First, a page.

I am in the second week of a month-long sabbatical and I have been trying to do shavat (ha!). Here are some things I’ve been up to:
- Waking up slowly with my children in a big pile.
- Visiting farm stands.
- Playing music.
- Enjoying long and meandering walks.
- Swimming in creeks, ponds, rivers, lakes, and oceans.
- Talking with my wife on the porch with no reason to stop.
- Sitting perfectly still.
And on we walked. Suddenly we heard a voice crying, “This is the sea. This is the deep sea. This is the vast and mighty sea.” And when we reached the voice it was a man whose back was turned to the sea, and at his ear he held a shell, listening to its murmur.
And my soul said, “Let us pass on. He is the realist, who turns his back on the whole he cannot grasp, and busies himself with a fragment.” (Kahlil Gibran, “The Greater Sea”)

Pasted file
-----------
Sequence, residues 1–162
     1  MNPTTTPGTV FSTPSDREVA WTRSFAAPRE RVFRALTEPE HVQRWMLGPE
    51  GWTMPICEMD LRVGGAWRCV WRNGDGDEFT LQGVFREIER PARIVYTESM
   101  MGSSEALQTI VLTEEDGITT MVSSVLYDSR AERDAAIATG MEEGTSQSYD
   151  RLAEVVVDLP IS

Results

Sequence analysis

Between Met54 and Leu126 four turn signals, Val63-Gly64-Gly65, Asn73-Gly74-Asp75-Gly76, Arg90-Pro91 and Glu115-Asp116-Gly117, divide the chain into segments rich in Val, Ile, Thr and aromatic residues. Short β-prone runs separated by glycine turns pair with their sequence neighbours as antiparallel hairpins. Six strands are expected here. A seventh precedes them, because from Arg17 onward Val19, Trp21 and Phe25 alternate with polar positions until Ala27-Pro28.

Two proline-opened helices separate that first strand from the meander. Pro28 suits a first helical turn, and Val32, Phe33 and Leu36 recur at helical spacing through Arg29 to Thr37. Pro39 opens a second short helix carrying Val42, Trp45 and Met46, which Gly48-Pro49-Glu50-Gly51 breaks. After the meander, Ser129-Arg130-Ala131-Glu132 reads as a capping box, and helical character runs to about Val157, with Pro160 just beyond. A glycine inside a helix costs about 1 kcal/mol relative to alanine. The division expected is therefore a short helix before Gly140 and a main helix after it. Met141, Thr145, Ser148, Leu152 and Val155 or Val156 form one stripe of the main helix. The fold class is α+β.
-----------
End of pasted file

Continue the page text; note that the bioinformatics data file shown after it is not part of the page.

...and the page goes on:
A few days before my sabbatical began my phone went kaput. Everything gone. Long text threads. Contacts. Notes. Emails. Photos and videos. There are things I am grieving, but mostly it was a baptism.
I suspect this machine is mostly full of fragments. It’s as if I keep holding it to my ear listening to its murmur and crying, “This is a life.”
I went to visit my grandmother who lives in an eldercare facility in a nearby town. I don’t think she knew who I was but she was excited to see me and spoke continuously for a long time. Precious few words were discernible but she was expressive and she knew exactly what she was saying. It reminded me of conversations with my toddler son. She said my life was worthwhile. She is a saint and I sat with her until she fell asleep and then a little longer with nowhere else to be. It is a good place to practice sitting perfectly still.